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Giving or Taking: The Role of Dispositional Power Motivation and Positive Affect in Profit Maximization?

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Author Info

  • Markus Quirin

    ()
    (University of Osnabrueck)

  • Martin Beckenkamp

    (Max Planck Institute for Research on Collective Goods)

  • Julius Kuhl

    (University of Osnabrueck)

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    Abstract

    Socio-economic decisions are commonly explained by rational cost vs. benefit considerations, whereas person variables have not usually been considered. The present study aims at investigating the degree to which dispositional power motivation and affective states predict socio-economic decisions. The power motive was assessed both indirectly and directly using a TAT-like picture test and a power motive self-report, respectively. After nine months, 62 students completed an affect rating and performed on a money allocation task (Social Values Questionnaire). We hypothesized and confirmed that dispositional power should be associated with a tendency to maximize one’s profit but to care less about another party’s profit. Additionally, positive affect showed effects in the same direction. The results are discussed with respect to a motivational approach explaining socio-economic behaviour.

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    Bibliographic Info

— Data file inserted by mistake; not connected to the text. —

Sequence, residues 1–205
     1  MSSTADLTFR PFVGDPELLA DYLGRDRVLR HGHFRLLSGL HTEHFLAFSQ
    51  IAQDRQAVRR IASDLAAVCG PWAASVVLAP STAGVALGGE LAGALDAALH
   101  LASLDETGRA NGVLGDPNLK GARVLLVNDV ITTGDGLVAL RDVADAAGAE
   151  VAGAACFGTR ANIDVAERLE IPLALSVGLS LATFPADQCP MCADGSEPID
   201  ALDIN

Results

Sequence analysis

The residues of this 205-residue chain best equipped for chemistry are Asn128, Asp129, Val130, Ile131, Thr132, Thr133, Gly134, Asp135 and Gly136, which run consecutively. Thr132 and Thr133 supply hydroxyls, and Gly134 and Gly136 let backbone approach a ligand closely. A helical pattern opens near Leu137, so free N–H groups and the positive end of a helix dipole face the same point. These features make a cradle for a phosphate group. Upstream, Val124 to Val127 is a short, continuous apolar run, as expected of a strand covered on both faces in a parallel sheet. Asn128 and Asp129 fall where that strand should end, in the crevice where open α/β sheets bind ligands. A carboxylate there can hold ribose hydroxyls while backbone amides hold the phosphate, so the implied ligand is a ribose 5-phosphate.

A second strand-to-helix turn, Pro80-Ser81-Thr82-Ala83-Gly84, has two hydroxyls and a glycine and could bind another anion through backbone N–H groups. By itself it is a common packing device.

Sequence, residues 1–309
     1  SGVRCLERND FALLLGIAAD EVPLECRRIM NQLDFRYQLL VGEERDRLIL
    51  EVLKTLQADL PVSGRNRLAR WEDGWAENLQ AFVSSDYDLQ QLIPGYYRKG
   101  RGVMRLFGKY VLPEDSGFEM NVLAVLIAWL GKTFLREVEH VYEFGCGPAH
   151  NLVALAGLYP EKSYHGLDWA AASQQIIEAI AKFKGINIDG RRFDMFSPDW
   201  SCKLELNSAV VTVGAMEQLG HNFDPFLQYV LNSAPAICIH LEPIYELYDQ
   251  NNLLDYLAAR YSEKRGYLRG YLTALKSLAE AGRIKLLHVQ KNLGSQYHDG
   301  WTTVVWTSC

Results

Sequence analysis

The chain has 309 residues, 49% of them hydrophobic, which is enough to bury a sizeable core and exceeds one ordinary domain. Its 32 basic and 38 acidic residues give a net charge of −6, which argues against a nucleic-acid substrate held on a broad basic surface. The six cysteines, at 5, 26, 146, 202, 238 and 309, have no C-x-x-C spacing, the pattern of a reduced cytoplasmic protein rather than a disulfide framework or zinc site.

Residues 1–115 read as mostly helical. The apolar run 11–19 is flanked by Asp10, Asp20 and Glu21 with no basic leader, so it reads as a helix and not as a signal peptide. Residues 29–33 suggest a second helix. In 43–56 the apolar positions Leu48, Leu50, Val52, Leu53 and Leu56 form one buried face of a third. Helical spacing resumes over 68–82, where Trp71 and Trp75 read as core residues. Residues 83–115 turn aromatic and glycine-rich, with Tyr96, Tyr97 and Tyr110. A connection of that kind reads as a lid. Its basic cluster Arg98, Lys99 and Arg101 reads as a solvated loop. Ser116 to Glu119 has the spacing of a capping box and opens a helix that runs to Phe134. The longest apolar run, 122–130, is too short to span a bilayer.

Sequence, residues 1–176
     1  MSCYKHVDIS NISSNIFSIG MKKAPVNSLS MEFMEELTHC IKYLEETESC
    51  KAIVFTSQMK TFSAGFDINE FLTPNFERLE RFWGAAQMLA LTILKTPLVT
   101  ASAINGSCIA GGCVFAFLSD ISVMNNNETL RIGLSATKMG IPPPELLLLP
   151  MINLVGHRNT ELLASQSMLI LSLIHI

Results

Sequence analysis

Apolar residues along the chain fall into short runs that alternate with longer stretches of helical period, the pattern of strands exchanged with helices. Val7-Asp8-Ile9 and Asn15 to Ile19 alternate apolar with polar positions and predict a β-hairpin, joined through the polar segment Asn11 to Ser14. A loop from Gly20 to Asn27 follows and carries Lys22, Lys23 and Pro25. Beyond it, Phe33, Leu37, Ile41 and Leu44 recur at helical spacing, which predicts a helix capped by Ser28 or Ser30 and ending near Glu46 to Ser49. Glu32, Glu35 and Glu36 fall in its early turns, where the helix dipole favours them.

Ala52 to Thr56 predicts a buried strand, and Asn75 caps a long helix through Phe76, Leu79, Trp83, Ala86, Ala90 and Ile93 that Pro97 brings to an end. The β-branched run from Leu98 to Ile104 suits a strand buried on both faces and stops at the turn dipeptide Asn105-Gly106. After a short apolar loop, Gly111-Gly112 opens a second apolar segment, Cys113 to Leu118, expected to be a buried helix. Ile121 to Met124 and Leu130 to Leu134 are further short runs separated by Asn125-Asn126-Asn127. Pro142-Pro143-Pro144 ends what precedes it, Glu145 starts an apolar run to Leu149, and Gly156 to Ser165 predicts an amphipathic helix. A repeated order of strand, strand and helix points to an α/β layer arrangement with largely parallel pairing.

Paper provided by Max Planck Institute for Research on Collective Goods in its series Working Paper Series of the Max Planck Institute for Research on Collective Goods with number 2008_15.

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    Length: 25 pages
    Date of creation: Apr 2008
    Date of revision:
    Handle: RePEc:mpg:wpaper:2008_15

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    Related research

    Keywords: economic decision-making; rational choice theory; personality; implicit power motive; positive affect; operant motive test;

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    1. Ernesto Reuben & Frans van Winden, 2006. "Reciprocity and Emotions when Reciprocators Know each other," CESifo Working Paper Series 1674, CESifo Group Munich.
    2. Engelmann,Dirk & Strobel,Martin, 2002. "Inequality Aversion, Efficiency, and Maximin Preferences in Simple Distribution Experiments," Research Memorandum 015, Maastricht University, Maastricht Economic Research Institute on Innovation and Technology (MERIT).
    3. John A. List, 2007. "On the Interpretation of Giving in Dictator Games," Journal of Political Economy, University of Chicago Press, University of Chicago Press, vol. 115, pages 482-493.
    4. McCabe, Kevin A. & Rigdon, Mary L. & Smith, Vernon L., 2003. "Positive reciprocity and intentions in trust games," Journal of Economic Behavior & Organization, Elsevier, vol. 52(2), pages 267-275, October.
    5. Joseph Henrich & Robert Boyd & Samuel Bowles & Colin Camerer & Ernst Fehr & Herbert Gintis & Richard McElreath & Michael Alvard & Abigail Barr & Jean Ensminger & Kim Hill & Francisco Gil-White & Micha, 2001. "Economic Man in Cross-Cultural Perspective: Behavioral Experiments in Fifteen Small-Scale Societies," Working Papers, Santa Fe Institute 01-11-063, Santa Fe Institute.
    6. Brosig, Jeannette, 2002. "Identifying cooperative behavior: some experimental results in a prisoner's dilemma game," Journal of Economic Behavior & Organization, Elsevier, vol. 47(3), pages 275-290, March.
    7. Bechara, Antoine & Damasio, Antonio R., 2005. "The somatic marker hypothesis: A neural theory of economic decision," Games and Economic Behavior, Elsevier, vol. 52(2), pages 336-372, August.
    8. Axel Ockenfels & Gary E. Bolton, 2000. "ERC: A Theory of Equity, Reciprocity, and Competition," American Economic Review, American Economic Association, vol. 90(1), pages 166-193, March.
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